Basically, you take note of the things/feelings happening right now without associating a feeling to them. Just accept and acknowledge their presence. In modern life, we are almost always thinking about something- what is happening at work, who said what, how you will reply etc… and we are almost very rarely thinking about what we are doing in the moment. A study committed by Harvard University (a while ago now) found that we were not thinking about what we were doing in that moment for 47% of the time (no doubt that has increased in recent years). Reading this, your mind may have already wandered off into something else. I am going to hope that you’re not bored with this blog post, but that your brain has just caught wind somewhere along the way. It just shows that it can be difficult to be focused on what you are doing right now.

Mindfulness is about giving your mind some time to rest, and just be in the moment; not to think about what you’re having for dinner tonight, or what you have to do for work (which triggers your turbo mode). It is a concerted effort to bring your thoughts into now.

When we are unable to vent, and extract these emotions we build up that toxic stress. Mindfulness gives us a newfound ability to self-regulate their emotions and to understand (and prevent) patterns of thoughts and behaviours which may lead them to feel stressed, anxious, depressed or otherwise.

The National Institute of Clinical Excellence and GPs refer sufferers of mental health conditions (like anxiety, depression, OCD and more) to Mindfulness courses to reduce stress and try to prevent recurrent depression. Mindfulness has been proven to have a dramatic impact on your general health and well-being, alongside helping people (young and old) to improve satisfaction and performance in many areas of life.

A Gateway into Mindfulness

Like anything, getting into mindfulness is difficult to start with, but there are a couple of little tasks that you can implement every day that will help you deal with your emotions and ultimately make you feel much better.

  1. The Right Start – If you’re anything like me, the first thing you look at is the emails that have come through during the night. This time in the morning is maybe the most essential part of the day. It is the time when you are collecting your thoughts and setting up how you feel for the day to come. Find yourself 10-20 minutes before you head to work, put the radio/TV on or pick up your phone, just to be present. Whether that is when you’re in the shower (feeling the warm water wash over you) or sitting with a cup of coffee while looking out of the window. Just take in the moment, without thinking about the day ahead. Then get cracking.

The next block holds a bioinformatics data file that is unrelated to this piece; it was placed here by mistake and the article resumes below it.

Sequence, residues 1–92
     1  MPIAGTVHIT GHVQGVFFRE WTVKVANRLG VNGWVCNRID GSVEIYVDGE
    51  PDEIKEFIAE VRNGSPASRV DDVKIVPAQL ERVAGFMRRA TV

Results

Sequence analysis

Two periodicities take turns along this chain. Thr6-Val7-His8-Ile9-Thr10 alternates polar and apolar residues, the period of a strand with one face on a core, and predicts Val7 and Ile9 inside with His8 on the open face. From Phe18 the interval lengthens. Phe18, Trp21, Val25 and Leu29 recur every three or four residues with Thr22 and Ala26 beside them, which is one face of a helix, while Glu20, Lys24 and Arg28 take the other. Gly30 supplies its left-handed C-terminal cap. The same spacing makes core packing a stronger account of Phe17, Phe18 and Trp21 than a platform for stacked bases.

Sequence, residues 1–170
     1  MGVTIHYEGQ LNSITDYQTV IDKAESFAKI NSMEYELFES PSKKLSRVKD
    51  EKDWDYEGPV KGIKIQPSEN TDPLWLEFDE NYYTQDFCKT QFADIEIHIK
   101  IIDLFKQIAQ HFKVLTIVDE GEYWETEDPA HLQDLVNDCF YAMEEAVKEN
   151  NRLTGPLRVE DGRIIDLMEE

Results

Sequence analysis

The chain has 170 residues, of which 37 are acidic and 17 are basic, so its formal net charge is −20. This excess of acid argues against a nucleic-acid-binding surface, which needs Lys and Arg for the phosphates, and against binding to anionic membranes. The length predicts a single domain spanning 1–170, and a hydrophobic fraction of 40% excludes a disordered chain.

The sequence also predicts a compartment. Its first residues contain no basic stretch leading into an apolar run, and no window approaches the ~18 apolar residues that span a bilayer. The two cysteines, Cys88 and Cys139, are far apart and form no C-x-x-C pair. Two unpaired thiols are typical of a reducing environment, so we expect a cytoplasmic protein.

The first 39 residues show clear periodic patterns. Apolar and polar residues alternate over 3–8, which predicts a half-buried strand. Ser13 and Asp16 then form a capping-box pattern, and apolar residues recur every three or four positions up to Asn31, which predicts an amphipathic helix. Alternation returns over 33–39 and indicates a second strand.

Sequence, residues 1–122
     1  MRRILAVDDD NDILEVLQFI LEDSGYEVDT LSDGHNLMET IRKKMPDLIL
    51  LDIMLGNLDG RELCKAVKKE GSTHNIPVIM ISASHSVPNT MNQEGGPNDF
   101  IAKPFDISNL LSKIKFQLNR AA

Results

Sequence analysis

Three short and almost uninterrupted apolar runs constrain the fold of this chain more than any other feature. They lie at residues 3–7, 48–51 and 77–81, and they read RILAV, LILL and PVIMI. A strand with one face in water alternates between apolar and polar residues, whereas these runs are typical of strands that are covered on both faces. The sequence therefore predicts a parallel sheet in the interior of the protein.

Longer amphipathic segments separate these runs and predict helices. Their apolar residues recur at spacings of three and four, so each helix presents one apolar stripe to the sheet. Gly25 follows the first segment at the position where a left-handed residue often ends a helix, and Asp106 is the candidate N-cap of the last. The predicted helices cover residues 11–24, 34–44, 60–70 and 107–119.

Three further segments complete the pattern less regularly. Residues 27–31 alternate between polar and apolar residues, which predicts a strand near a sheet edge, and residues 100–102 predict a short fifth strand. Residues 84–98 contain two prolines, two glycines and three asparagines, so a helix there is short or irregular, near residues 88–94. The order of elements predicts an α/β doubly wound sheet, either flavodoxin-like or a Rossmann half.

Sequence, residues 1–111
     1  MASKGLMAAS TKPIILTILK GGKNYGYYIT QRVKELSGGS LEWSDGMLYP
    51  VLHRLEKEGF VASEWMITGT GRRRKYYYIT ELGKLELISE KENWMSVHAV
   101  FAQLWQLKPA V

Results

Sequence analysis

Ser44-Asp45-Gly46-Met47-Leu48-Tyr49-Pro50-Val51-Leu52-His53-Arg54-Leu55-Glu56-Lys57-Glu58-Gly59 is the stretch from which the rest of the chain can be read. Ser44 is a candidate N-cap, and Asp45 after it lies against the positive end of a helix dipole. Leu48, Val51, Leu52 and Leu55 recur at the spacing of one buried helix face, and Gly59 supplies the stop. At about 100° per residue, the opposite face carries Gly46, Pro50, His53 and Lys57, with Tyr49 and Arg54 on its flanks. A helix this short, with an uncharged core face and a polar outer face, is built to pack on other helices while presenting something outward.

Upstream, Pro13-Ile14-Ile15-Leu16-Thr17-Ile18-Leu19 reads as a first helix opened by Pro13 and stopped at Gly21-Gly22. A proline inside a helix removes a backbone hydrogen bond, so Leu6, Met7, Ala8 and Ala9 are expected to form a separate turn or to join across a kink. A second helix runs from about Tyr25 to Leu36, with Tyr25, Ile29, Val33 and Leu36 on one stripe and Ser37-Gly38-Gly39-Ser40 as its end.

2. A Mindful Moment – A mindful moment is just enjoying the details of the moment during the day. Ideally, this is something small like eating lunch, drinking a late morning coffee, or looking out of a window. Quite a few of us work and eat lunch at the same time, or look at our phones and read trash that ultimately doesn’t affect our lives (even if the news article says so). Take the time to enjoy your food- think about the flavours, the textures and the environment you’re in. Try to keep your mind in the moment and not to think about other things going on in your life. Just be present in what you are doing.
  3. Diary Moments – Sometimes, when work and life is so damn chaotic, it is really really hard to just stop and take a second. If you just keep going until you hit the pillow, you will not give your mind time to unpack everything that is stored in your brain. Like unread emails, your thoughts and feelings will bottle up and eventually become unmanageable. So, why not work in a little time to yourself with a diary? Just before you head to bed: get a pen and some paper and write a little bit about the day. What happened? How you felt and the plan for tomorrow. This gives you time just to think about what has passed, and to get what you need to do on paper. In theory, when you head to bed, you have already unpacked what you need to process and can just lay in bed enjoying the moment without your mind going mental.

The Mindful Enterprise?

Well done, if you have made it this far then we are truly thankful for taking the time. If this post has hit a cord, then it is time for the next step.

In honesty, this blog post is part of our own learning curve and identifying what helps for us; most of this understanding comes from Gary from The Mindful Enterprise who is leading the mindful revolution in our home town of Edinburgh. The company is a social enterprise who give their profits into providing training and wellness coaching for those in need.

If you are interested in finding out more about Mindfulness and how it can revolutionise your wellbeing, then check them out!